--public-entry --main-entry --test-entry states that all entry points (all public, the main methods, and test methods) should be used as entry points to generate the call graph.

--prune-app specifies that that the application code should be debloated as well as the dependency code.

--remove-methods specifies that methods should be removed in their entirety. By default, only their bodies are removed.

--tamiflex <TAMIFLEX_JAR> specifies that TamiFlex should be used to find reflective calls. The argument is the location of the TamiFlex Jar.

Example usage case 2: Use a non-Maven project as an application, specify main methods as an entry point, and do not consider reflective calls using Tamiflex

java -jar jshrink.jar --app-classpath <APP_CLASSPATH> --lib-classpath <LIBRARY_CLASSPATH> --test-classpath <TEST_CLASSPATH> --include-exception "ERROR, METHOD REMOVED"

--app-classpath <APP_CLASSPATH> --lib-classpath<LIBRARY_CLASSPATH> --test-classpath <TEST_CLASSPATH> specifies the application, library, and test classpaths of the target.

--include-exception "ERROR, METHOD REMOVE" specifies that when a method's body is wiped it should be replaced with a Runtime exception with the message "ERROR, METHOD REMOVE".

Example usage case 3: Use a Maven project as an application, perform call graph analysis with Spark, and remove unused classes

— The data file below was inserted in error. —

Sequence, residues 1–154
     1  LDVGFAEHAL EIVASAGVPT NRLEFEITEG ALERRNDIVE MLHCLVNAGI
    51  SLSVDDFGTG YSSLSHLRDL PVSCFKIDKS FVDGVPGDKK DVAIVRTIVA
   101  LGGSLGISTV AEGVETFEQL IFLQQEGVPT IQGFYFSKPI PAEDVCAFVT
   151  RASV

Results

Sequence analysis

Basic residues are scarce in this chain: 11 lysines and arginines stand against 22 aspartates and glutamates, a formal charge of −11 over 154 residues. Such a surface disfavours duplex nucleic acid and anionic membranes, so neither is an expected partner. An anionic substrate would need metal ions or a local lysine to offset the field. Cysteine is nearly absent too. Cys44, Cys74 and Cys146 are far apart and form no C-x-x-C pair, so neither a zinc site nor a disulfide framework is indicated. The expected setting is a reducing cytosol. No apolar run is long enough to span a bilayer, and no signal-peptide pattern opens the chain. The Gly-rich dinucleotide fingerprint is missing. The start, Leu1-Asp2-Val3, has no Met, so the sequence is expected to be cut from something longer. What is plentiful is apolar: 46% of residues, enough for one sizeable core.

java -jar jshrink.jar --maven-project <PROJECT_DIR> --main-entry --remove-classes --use-spark

--remove-classes specifies that classes whose methods are all removed, and contain no accessible static methods, are to be removed completely.

--use-spark specifies that Spark Call Graph analysis should be used.


Running our tool on the benchmarks yields the following result.

BenchmarkSize Before Debloat (Bytes)Size after Debloat (Bytes)Reduction

Descriptions of benchmark applications

  • JavaPoet is a Java API for generating .java source files.
  • DiskLruCache is a library that provides a cache bounded by an amount of space on a file-system.
  • JavaVerbalExpression is a Java library that helps in the construction of difficult regular expressions.
  • Curator is a set of Java libraries to improve Apache ZooKeeper.